Hollywood hospital pays $17K ransom to hackers after computer network attack
Doctors reverted to pens and paper after hospital taken offline by a ransomware attack
A Los Angeles hospital paid a ransom in bitcoins equivalent to about $17,000 US to hackers who infiltrated and disabled its computer network, the medical centre's chief executive said Wednesday.
It was in the best interest of Hollywood Presbyterian Medical Center to pay the ransom of 40 bitcoins — currently worth $16,664 — after the network infiltration that began Feb. 5, CEO Allen Stefanek said in a statement.
The facility was without access to email, digital patient records and some internet-connected medical devices following a cyberattack that saw hackers take its computer networks clear offline before demanding more than $5 million US in ransom.
NBC LA reports that an "internal emergency" was declared after staff began experiencing "significant IT issues" around Feb. 5.
The network was back in full operation Monday.
"The quickest and most efficient way to restore our systems and administrative functions was to pay the ransom and obtain the decryption key," Stefanek said. "In the best interest of restoring normal operations, we did this."
Patient care was not affected by the hack, and there is no evidence any patient data was compromised, Stefanek said.
It did, however, result in emergency room delays, 911 patients being diverted to other hospitals and the need for all registrations and medical records to be written by hand on paper.
Staff members at the private 434-bed hospital spoke to various local news outlets about additional problems caused by the network shutdown. One unnamed doctor who told NBC4 News that departments are "communicating by jammed fax lines" because they have no email access.
The doctor also said that computers used for tasks like lab work transmittal, documentation, sharing of X-rays and CT scans had been taken offline, and that some outpatients missed treatments due to the fallout of the attack.
Patients were told to pick up medical test results in person as opposed to having them delivered electronically, according to BBC News.
While Stefanek described the attack as random, he didn't expand on the type of malware being used, how the hospital's system became infected or how much money was being for access to be restored.
Computer forensics expert Eric Robi, whose clients include both the State of California and the U.S. federal government, told FOX 11 Los Angeles that hackers asked Hollywood Presbyterian Medical Center for approximately 9,000 bitcoins (just over $5 million) in relation to a ransomware attack.
Several employees at the hospital echoed this while speaking to NBC4, reportedly saying that "hackers would send back the key codes to restore the system" in exchange for a bitcoin ransom.
"I don't know why they chose a hospital specifically," Robi said. "It's an unfortunate hack, a ransomware hack where they're asking for money in exchange for unlocking records at the hospital."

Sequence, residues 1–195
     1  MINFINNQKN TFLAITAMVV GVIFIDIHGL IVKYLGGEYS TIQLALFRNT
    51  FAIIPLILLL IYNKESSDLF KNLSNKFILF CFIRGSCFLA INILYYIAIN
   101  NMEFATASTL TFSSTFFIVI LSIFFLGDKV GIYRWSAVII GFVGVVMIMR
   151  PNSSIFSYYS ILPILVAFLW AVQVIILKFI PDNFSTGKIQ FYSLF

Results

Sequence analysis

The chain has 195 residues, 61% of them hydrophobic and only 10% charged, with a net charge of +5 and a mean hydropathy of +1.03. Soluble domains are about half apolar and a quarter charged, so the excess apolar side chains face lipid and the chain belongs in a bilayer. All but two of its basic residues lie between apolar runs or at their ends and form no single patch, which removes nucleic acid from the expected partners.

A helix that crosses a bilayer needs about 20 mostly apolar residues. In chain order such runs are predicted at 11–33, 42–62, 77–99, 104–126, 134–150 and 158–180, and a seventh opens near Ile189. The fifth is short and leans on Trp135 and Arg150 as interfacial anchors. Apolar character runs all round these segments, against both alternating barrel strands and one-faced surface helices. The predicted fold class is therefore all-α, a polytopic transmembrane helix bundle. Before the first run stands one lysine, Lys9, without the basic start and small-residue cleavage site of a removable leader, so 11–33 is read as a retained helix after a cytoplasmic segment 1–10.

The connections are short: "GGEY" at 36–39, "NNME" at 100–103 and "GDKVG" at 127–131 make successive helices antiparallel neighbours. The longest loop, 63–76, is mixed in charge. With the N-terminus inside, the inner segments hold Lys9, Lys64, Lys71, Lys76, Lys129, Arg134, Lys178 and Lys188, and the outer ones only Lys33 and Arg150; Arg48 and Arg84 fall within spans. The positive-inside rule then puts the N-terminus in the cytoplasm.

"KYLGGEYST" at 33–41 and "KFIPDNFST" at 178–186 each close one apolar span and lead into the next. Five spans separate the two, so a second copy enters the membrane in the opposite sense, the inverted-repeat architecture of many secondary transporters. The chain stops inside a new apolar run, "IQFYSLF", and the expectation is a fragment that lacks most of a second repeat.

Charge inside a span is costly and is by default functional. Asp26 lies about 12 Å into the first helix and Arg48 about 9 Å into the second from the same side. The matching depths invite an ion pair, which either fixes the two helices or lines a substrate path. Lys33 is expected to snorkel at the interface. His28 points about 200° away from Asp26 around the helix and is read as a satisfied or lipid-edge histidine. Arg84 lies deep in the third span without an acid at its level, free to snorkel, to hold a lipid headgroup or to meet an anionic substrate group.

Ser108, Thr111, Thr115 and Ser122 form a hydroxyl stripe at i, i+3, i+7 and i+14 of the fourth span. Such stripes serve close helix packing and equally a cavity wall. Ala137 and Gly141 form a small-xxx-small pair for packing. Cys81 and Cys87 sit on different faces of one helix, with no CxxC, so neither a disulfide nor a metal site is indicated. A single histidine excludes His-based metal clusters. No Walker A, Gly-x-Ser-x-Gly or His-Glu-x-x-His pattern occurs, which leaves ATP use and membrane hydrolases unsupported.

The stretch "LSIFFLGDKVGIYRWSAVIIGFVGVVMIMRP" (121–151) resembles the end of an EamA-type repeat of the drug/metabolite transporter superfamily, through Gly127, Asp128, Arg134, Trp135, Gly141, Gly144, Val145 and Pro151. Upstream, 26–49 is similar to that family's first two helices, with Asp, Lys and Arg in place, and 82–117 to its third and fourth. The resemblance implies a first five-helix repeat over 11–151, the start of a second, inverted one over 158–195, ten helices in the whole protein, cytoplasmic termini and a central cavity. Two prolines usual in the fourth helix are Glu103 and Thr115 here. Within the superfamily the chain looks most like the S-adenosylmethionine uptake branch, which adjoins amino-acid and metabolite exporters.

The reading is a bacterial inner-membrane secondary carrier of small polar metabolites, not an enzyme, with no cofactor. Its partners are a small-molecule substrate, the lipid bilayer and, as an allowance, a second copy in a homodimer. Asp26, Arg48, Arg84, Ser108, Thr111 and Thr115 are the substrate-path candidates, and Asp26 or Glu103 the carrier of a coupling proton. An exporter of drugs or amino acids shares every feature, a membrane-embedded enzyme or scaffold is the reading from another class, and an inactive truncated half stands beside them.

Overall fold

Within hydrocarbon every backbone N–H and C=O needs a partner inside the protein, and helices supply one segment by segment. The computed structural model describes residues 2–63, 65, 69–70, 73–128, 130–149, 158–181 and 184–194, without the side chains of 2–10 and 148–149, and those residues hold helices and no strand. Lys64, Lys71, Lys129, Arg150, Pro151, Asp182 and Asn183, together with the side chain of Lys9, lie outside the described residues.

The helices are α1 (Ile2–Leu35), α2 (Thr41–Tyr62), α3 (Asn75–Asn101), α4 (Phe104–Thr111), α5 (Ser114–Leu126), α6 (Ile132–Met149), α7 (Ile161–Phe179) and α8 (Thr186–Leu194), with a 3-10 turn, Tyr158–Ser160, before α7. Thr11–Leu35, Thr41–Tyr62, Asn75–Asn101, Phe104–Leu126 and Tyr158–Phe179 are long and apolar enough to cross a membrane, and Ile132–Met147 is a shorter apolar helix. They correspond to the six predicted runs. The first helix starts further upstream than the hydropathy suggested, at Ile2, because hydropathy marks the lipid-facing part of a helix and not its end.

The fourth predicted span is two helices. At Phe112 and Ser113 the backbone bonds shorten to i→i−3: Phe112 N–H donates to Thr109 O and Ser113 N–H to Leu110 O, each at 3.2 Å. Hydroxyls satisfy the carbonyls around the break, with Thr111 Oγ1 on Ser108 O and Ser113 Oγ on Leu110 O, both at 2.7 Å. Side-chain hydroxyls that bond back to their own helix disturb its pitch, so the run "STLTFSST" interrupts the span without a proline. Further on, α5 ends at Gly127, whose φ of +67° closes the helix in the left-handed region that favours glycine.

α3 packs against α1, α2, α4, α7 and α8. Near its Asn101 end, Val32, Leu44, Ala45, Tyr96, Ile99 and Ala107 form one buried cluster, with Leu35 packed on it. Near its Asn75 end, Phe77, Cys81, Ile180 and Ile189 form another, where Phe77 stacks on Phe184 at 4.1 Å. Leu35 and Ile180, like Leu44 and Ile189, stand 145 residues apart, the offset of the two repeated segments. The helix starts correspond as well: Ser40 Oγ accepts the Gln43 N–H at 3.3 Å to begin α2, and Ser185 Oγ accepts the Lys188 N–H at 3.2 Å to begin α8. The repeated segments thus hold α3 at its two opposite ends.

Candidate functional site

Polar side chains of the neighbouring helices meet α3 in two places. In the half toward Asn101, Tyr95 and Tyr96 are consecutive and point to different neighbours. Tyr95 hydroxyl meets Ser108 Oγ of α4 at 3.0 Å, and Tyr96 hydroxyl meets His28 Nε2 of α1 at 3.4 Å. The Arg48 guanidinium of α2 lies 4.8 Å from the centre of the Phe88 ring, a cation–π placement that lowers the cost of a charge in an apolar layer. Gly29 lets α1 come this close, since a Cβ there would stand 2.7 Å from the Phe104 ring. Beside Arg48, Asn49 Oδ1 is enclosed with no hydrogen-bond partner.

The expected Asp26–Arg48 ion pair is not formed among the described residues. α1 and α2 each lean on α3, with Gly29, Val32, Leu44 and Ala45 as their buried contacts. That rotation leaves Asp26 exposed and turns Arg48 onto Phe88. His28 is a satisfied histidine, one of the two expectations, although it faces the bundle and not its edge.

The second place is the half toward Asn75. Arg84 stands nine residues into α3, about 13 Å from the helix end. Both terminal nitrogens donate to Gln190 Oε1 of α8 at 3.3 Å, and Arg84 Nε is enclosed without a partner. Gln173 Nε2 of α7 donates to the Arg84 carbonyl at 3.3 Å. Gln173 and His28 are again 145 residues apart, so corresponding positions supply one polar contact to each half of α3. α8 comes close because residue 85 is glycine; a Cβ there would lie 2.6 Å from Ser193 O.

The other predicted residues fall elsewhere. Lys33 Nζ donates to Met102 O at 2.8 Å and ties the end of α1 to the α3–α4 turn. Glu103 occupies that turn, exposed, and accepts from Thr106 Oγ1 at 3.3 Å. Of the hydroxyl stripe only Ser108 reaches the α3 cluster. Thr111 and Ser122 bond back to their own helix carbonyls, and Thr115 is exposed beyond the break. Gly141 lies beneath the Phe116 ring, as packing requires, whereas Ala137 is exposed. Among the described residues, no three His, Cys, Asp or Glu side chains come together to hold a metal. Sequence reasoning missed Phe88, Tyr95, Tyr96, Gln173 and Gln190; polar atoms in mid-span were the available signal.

After working on half a dozen similar attacks against LA businesses over the past year, Robi said that "most of the time it's cheaper to pay the ransom than to pay to fix the problem" — though he did note that this particular ransom was higher than any he'd seen before.
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Ransomware, a form of malicious software that seeks out your computer files and locks them until you pay a fee, is not a new problem among individuals and corporations.
A November CBC News investigation discovered that cybercrimes of this nature dupe Canadians out of hundreds of millions of dollars each year.
Two months ago, the RCMP unveiled a new cybercrime strategy aimed at helping local police deal with cases of malware, fraud and similar online threats affecting Canadians from both domestic and global sources — but law enforcement officials can only do so much when it comes to ransomware in particular, as it stands.
At least two U.S. police departments reportedly paid off cyberthieves last year after days of trying to decrypt locked systems, and many victims don't contact the police at all. They'd rather pay out the money then risk losing their files – especially when those files are of an expensive, irreplaceable, or even life-saving nature.
If <a href="https://twitter.com/HollywoodPres">@HollywoodPres</a> ends up paying this, they're fueling the problem. <a href="https://twitter.com/FBICyberCrime">@FBICyberCrime</a> , paying attention? <a href="https://twitter.com/hashtag/ServerBackup?src=hash">#ServerBackup</a> <a href="https://t.co/FJ4U1RDNgY">https://t.co/FJ4U1RDNgY</a>—@bdmccray
What happened to Hollywood Presbyterian Medical Center may be part of a larger trend predicted for this year by Forrester Research, in which ransomware is being used to target the medical sector.
Forrester's paper, released in November, pegged the primary hacking trend of 2016 as "ransomware for a medical device or wearable," arguing that it would be relatively easy for cybercriminals to target vital health devices and then threaten victims with their own lives for ransom money.
Indeed, many medical devices have been found to have serious cybersecurity flaws.
Motherboard cites a 2013 DHS advisory warning of 300 medical devices with factory-set passwords that cannot be changed by users but can be discovered by anyone online who downloads the device's manual.
"Medical device ransomware would be a modern form of highway robbery with lives at stake," wrote Motherboard of the Forrester prediction. "Chest pains send you into convulsions, then stop abruptly. Is something wrong with your pacemaker? As you pant for breath, a message pops up on your phone. 'Want to keep living? Pay us a ransom now, or you die.'"
The Hollywood Presbyterian Medical Center investigation is ongoing, FBI spokeswoman Ari Dekofsky told Reuters. She declined to release further details.
With files from The Associated Press